Filling the Gap in Research into Teacher Education for YL Language Teachers

We recently published Early Language Learning and Teacher Education edited by Subhan Zein and Sue Garton. In this post Sue explains the inspiration behind the book.

Up until recently, I think it is fair to say that Teaching English to Young Learners (TEYL) was very much a neglected area of research in English Language Teaching (ELT) and Applied Linguistics. It was even more neglected if we look at languages other than English. Fortunately, as Fiona Copland and I noted in our introduction to the 2014 ELT Journal Special Issue, that has changed quite rapidly over the last few years, for English at least, to the extent that we can perhaps say that the field has experienced something of a coming of age. This can be seen, I think, in such milestones as that ELTJ Special Issue as well as a Language Teaching’s 2015 State-of-the-Art article by Yuko Butler reviewing research in East Asia from 2004-2014 and the recent Routledge Handbook of Teaching English to Young Learners published last year.

However, in all this very welcome activity, one area that still seems to attract less attention is that of teacher education for teachers of young learners (YLs), and it is this lack of attention that was the inspiration for this volume. There are, of course, some very notable exceptions, such as Helen Emery’s 2012 report for the British Council, and the work of my co-editor, Subhan Zein. However, the body of published research remains limited and yet the education, development and training of language teachers in primary schools is of paramount importance.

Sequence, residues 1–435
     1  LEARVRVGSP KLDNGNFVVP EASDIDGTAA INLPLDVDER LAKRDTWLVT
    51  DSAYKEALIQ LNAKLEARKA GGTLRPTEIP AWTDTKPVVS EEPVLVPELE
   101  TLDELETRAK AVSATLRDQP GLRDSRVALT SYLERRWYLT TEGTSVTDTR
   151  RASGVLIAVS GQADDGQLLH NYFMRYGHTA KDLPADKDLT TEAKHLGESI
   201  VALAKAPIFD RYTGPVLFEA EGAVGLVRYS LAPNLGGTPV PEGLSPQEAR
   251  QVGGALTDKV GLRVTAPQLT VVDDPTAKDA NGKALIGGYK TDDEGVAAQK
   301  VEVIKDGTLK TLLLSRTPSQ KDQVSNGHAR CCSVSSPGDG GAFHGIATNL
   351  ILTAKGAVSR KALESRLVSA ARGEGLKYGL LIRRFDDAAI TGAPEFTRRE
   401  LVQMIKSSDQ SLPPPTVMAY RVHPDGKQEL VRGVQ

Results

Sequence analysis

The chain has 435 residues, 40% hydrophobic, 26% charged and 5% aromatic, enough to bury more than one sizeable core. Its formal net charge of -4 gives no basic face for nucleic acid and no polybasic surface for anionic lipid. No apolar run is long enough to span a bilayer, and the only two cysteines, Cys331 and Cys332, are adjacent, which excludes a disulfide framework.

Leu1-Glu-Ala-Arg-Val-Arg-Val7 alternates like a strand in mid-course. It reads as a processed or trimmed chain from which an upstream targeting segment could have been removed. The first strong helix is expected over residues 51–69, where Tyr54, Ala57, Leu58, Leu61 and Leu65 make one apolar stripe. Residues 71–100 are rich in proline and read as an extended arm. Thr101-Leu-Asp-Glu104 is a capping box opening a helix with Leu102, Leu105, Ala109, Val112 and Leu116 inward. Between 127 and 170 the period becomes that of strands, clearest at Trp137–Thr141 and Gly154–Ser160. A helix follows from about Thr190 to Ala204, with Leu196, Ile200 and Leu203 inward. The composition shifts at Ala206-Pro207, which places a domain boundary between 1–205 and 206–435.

So that is why we decided the time was ripe for a volume of research into teacher education for YL language teachers. Note here that we say ‘language teachers’ not ‘English language teachers’. From the start, we were committed to preparing a volume that recognised that language teaching is not only English language teaching. Chapters about English teaching dominate because that is the reality we live in, but there are also chapters about teacher education for teachers of French, German and Spanish in the UK and for teachers in bi-lingual/multi-lingual education in Turkey (Turkish-Italian), Kazakhstan (Kazak -English–Russian) and the USA (Spanish–English). A global perspective was also important to us. Following my involvement in the 2011 British Council project on Investigating Global Practices in Teaching English to Young Leaners, I was ever more strongly convinced of the relevance of the local to the global and the importance of the idea of resonance – that the experiences of teachers and teacher educators in one context can resonate strongly with those in an apparently very different context, and that we can all learn a lot from each other. That is why we have chapters from Australia, Hong Kong, Indonesia, Japan, Kazakhstan, Vietnam, Taiwan, Turkey, the UK, the USA.

The diversity and variety of the chapters in the book are, I feel, one of its biggest strengths and, although this might seem contradictory, its biggest unifying factor, and we sincerely hope that the research presented will resonate with readers both in similar contexts and in very different ones.

For more information about this book please see our website. If you found this interesting, you might also like Early Instructed Second Language Acquisition edited by Joanna Rokita-Jaśkow and Melanie Ellis. 

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